Food security: When supply is not access

| Updated: February 24, 2018 11:35:42

Food security: When supply is not access

The causal connection between food availability and food security is amply found in available literature.  Mistakenly perhaps, it has long been presumed that availability of food automatically translates into access to food and once that happens, the fear of famine fades away. But the reality on the ground seems to be otherwise as revealed by empirical studies. Bangladesh is a case in point where food grain production has trebled since independence, but not much improvement in the area of child nutrition could be observed.

 The last layer of food deprivation is generally called famine - the last nail in the coffin of food crisis.  Ireland was once caught by a ferocious famine, called 'potato famine' devastating its socio-economic fabric. It dates back to about 200 years. The Irish population even today is reported to be very substantially smaller than it was in 1845 when the famine first began. The spectre of famine once used to haunt Bangladesh, India and China but, fortunately, the frequency of famine has faded gradually. The reasons are not far to seek: the advent of modern technology in agriculture, expansion of communication networks, falling population growth rate and various income-generating activities carried out by governments and private sectors are contributory factors.

It is said that more harvests mean less hunger or increased supply of food is an answer to the question of famine. By shifting the supply curve of food grain to the right, availability is augmented.

In the context of food availability and famine, Nobel Laureate Amartya Sen draws on George Bernard Shaw's Man and Superman - paraphrased below - to drive home the point that sometimes abundance of food may go with hunger.  Mr Malone, a rich Irish-American, refuses to describe the Irish famine of the 1840s as "famine." He tells his English daughter-in-law, Violet that his father "died of starvation in the black 47." When Violet asks, "The famine?" Malone replies, "No, the starvation. When a country is full of food and exporting it, there can be no famine."  One could presume that the simple-minded Maloney might have missed the remarks from Shakespear's "Hamlet": there are more things on heaven and earth which Horishio you don't know. Maloney wasn't aware of many things that went wrong at that time. In many countries of the world, the primary cause of famine is not shortage of food availability but lower purchasing power of the people. The moot question is: what ensures entitlements?

Thus, food security should not be seen from the angle of the mechanical balance of only food and population. The most important dimension is the command that a person has over certain required bundle of food - be it from own production (e.g., farmer), or buying from the market (e.g., labour and service holders). It must be remembered that, even with augmented supply in the market, people might go without food if they are unable to purchase food or face a reduced capacity to buy food from the market. There may be many reasons behind such incapacity at work: lack of income or opportunities to sell products in the market.

On the other hand, a shortage of food availability in the domestic market may not always fuel famine if there are opportunities for imports or shared distribution. So entitlement matters the most as the Irish insights tend to tell us: "In this sense it can be reasonably claimed that the Irish did not simply die for lack of food, but because they largely lacked the funds to purchase food which was present in abundance in the Kingdom as a whole, but which was not sufficiently available to them."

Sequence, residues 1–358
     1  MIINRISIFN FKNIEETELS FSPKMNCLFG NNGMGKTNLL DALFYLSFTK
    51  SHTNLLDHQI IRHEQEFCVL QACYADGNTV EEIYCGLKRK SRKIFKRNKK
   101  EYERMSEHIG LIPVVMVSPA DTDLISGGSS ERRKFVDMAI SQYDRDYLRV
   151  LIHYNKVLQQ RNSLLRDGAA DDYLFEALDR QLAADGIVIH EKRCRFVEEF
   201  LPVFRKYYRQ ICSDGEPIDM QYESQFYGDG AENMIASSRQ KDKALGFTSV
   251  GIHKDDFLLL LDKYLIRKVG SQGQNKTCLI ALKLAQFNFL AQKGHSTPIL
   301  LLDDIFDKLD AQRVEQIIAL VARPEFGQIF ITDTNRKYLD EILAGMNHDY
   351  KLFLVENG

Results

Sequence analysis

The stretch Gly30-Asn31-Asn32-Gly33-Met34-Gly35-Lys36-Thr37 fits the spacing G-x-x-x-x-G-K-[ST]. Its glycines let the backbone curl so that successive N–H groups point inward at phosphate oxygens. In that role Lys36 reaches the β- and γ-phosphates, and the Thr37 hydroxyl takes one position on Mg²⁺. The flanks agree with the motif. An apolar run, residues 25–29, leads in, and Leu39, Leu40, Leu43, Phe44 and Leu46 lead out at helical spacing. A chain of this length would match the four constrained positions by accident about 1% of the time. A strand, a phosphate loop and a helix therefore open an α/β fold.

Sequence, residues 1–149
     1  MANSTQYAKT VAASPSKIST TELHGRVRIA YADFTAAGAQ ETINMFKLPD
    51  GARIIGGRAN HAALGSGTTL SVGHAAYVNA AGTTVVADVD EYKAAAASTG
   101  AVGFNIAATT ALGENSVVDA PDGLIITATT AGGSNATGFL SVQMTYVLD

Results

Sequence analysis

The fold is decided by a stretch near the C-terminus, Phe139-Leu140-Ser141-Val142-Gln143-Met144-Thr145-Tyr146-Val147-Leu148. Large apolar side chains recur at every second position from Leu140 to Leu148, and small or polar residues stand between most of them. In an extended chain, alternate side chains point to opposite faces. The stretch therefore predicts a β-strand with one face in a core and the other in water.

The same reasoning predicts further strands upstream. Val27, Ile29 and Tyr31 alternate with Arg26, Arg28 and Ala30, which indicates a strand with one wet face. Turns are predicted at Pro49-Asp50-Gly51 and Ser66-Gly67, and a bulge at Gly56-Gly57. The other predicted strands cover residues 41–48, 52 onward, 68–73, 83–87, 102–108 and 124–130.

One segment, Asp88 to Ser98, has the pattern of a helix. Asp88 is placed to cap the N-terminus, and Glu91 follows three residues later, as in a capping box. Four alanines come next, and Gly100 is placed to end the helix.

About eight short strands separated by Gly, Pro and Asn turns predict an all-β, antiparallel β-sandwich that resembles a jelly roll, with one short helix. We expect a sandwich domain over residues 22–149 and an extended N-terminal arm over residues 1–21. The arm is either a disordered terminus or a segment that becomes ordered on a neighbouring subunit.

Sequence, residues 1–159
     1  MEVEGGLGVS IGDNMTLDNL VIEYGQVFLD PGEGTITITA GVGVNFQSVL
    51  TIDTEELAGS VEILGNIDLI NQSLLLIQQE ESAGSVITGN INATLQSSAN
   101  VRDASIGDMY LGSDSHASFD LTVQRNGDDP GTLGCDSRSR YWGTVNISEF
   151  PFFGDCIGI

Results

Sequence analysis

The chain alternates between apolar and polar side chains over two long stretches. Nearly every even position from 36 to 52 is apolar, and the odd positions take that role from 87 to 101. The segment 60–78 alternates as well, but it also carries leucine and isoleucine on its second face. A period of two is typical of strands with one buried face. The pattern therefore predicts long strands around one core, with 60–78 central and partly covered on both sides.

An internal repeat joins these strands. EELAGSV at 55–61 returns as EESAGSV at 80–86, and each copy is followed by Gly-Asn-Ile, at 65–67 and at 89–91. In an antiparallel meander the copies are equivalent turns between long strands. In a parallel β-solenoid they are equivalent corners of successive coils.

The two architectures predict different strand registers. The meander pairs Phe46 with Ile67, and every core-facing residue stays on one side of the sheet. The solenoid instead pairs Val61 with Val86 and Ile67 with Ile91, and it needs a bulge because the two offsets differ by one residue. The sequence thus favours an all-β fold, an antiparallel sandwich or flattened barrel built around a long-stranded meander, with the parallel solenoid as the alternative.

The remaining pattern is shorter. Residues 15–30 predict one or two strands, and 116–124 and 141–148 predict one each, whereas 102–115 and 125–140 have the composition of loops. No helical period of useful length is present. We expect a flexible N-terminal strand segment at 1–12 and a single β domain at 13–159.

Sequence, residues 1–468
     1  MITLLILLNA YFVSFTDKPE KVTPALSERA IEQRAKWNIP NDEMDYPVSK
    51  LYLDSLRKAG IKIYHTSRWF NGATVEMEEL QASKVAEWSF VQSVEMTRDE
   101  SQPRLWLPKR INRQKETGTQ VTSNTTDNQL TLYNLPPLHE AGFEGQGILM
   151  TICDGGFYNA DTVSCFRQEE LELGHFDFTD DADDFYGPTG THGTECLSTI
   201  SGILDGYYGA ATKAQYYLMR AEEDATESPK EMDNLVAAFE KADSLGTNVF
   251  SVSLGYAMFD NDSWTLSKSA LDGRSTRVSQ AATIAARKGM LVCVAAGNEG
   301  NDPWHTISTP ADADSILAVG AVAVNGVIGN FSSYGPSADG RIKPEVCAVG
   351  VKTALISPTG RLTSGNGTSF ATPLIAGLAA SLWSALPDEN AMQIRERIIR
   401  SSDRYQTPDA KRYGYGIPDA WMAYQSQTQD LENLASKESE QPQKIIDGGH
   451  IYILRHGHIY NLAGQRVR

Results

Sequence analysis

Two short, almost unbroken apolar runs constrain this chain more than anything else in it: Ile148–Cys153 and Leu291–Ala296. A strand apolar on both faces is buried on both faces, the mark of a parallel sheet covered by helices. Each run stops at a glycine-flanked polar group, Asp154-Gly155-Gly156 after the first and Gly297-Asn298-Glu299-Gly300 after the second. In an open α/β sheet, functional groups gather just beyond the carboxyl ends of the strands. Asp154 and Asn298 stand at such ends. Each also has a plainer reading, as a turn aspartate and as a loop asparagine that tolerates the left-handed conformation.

The entitlement of a household depends on a number of factors. First, it hinges on the command of the household on assets that have market value or can be exchanged in the market to purchase food (endowments). The bundle of assets could be diverse but the most important assets of human society is labour force or labour power that generates income to buy food. This way, labour, land and other assets enable households to raise their respective entitlements. Second, the degree of access to food by a household depends on production possibility and its utilisation. More land doesn't necessarily mean more food unless backed by appropriate technologies, knowledge, efficiency that expand the production possibility frontier to increase food supply for food security. Finally, access to food also depends on exchange conditions such as the price at which exchange of goods and services at which transactions take place or it depends on the rate at which wage rate rises against food items.

It may be mentioned here that during any economic crisis, one group of people could be hit harder than others. For example, during 1943 Bengal famine the exchange rates between food and non-food items changed radically overnight, and especially, other than wage-food price ratio, the relative price of fish and food swung sharply in favour of fish. At that time Bengali fishermen faced most hardship. Of course, fish is also a kind of food but high-quality food that had to be exchanged in the market to buy cheaper low-calorie food (rice) for their survival. "The equilibrium of survival is sustained by this exchange, and a sudden fall in the relative price of fish vis-à-vis rice can devastate this equilibrium." Likewise, crisis of the barber class could be compounded for two reasons:  (a) decline in the demand for following a postponement of hair cut by people in distress, and (b) a sharp fall in the price of haircutting. This class lagged behind in terms of the relative price of the service when, in 1943, in some districts the exchange rate of hair cut and food fell by 70-80 per cent.

(Abdul Bayes is a former Professor of Economics at Jahangirnagar University.

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